Welcome to the website for the AHRC/IRC Project OG(H)AM: Harnessing digital technologies to transform understanding of ogham writing, from the 4th century to the 21st.

An ogam stone adjacent to a laptop - the laptop shows a green 3D model of the adjacent stone.
Digital scanning of ogham stone, Lugnagappul, Co. Kerry (c) Nora White.

Og(h)am of the Month: September

35 of the c. 40 ogam inscriptions in Wales, Cornwall and Devon are bilingual, i.e., they contain text in Latin and Irish, usually – but not always – with identical content. The Latin text often displays unclassical features, e.g. ‘wrong’ case endings. The stone from Nevern, Pembrokeshire (W-PEM-014) is built into a church windowsill. The two versions read:



Drawing from Nash-Williams 1950.

The archaic retention of all endings, the lack of vowel affection (-CUNAS and CLUTA-, not younger *-CON and *CLOT-), and the lack of syncope of the middle vowels mean that it probably belongs to the oldest layer of Irish inscriptions in Britain. There are subtle differences between the two languages. In Irish, the name of the commemorated person shows the consonant-stem genitive ending -as, as is expected for the Proto-Celtic *, gen. *kunos ‘dog, hound’. In Latin, this has been replaced by the productive o-stem ending ; in CLVTORI the entire second part *-rīgī has been reduced to just -rī.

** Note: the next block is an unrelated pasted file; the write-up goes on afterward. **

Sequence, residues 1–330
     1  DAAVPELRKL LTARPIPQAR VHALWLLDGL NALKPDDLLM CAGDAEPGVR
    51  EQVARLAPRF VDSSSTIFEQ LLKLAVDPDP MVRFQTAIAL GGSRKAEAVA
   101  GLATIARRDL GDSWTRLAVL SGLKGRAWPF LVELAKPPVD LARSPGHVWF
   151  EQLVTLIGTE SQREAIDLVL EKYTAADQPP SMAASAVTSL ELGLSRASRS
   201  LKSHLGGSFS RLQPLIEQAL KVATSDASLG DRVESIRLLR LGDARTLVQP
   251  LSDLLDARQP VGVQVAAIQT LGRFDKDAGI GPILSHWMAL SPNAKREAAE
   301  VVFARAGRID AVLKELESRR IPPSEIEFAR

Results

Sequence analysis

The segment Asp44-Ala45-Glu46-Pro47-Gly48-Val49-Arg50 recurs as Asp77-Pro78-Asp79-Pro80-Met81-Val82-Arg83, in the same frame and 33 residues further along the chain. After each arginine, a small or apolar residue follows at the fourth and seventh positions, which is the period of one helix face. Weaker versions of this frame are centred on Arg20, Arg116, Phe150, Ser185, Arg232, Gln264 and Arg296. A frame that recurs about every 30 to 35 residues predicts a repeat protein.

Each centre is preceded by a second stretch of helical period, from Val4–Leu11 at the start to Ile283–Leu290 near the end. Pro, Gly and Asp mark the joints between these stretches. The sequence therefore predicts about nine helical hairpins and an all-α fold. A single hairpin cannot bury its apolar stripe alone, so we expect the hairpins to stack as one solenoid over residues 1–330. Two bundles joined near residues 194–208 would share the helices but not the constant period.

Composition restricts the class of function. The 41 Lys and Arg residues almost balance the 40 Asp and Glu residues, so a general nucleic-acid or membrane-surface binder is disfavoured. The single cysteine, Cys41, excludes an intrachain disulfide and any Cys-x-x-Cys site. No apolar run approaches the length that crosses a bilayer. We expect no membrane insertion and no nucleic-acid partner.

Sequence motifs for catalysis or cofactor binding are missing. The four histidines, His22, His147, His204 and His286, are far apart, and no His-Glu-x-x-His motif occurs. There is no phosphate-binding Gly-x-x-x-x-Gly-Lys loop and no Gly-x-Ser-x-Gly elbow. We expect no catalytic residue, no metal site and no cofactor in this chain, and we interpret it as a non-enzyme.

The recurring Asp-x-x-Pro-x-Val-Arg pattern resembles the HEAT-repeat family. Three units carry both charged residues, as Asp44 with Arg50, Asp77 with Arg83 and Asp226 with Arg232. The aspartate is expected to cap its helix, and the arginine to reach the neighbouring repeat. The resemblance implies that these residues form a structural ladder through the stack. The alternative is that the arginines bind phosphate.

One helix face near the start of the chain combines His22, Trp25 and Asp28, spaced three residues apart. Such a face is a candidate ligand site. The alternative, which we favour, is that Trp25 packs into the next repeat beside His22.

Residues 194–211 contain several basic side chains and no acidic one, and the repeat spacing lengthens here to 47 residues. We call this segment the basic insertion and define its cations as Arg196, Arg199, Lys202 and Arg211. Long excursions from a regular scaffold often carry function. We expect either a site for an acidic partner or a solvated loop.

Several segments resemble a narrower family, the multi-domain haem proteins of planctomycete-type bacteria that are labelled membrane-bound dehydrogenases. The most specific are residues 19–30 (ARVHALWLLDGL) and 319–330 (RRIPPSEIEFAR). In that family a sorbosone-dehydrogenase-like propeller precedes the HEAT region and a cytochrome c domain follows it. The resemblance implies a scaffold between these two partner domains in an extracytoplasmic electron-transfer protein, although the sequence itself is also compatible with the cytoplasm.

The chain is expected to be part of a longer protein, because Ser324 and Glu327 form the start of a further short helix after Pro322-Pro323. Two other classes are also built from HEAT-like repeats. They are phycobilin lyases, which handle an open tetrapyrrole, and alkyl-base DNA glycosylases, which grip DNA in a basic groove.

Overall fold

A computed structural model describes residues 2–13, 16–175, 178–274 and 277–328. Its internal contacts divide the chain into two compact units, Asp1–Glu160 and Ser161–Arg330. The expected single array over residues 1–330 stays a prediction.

The choice of names is revealing: MAGLICUNAS is an archaic form of Welsh Maelgwn or Meilgi; the corresponding Irish name would be *Málchú, but this is nowhere attested. CLUTARIGAS likewise only has onomastic parallels in British (e.g., W Clodri, Bret. Corn. Cleder); Old Irish only has the generic expression clothrí ‘famous king’. Therefore, while the inscription is in an Irish script, uses Irish endings and the Irish word MAQI, the names are gaelicised British Celtic. This inscription, and others of a similar nature, afford a glimpse into the complex multiethnic and multilingual situation in early medieval Wales.

The OG(H)AM project seeks to harness digital tools from different fields to transform scholarly and popular understanding of ogham—an ancient script unique to Ireland and Britain. It is jointly funded by the Irish Research Council and the UK Arts and Humanities Research Council under the UK–Ireland Collaboration in Digital Humanities Research scheme. The project provides the long-awaited opportunity to complete the corpus of ogham-inscribed Irish stones begun by the Dublin Institute for Advanced Studies Ogham in 3D project (2012-15, 2016-17), to extend it beyond stone monuments to cover ogham in all media (including portable objects and manuscripts), and to incorporate the many examples from outside the Republic of Ireland.

The OG(H)AM project runs from 1 August 2021 till 31 July 2024 and is a collaboration between the University of Glasgow, Scotland, and Maynooth University, Ireland. For details about the Project team, see here.

The project’s name is explained here.

This web resource is under construction and will be updated as the project progresses.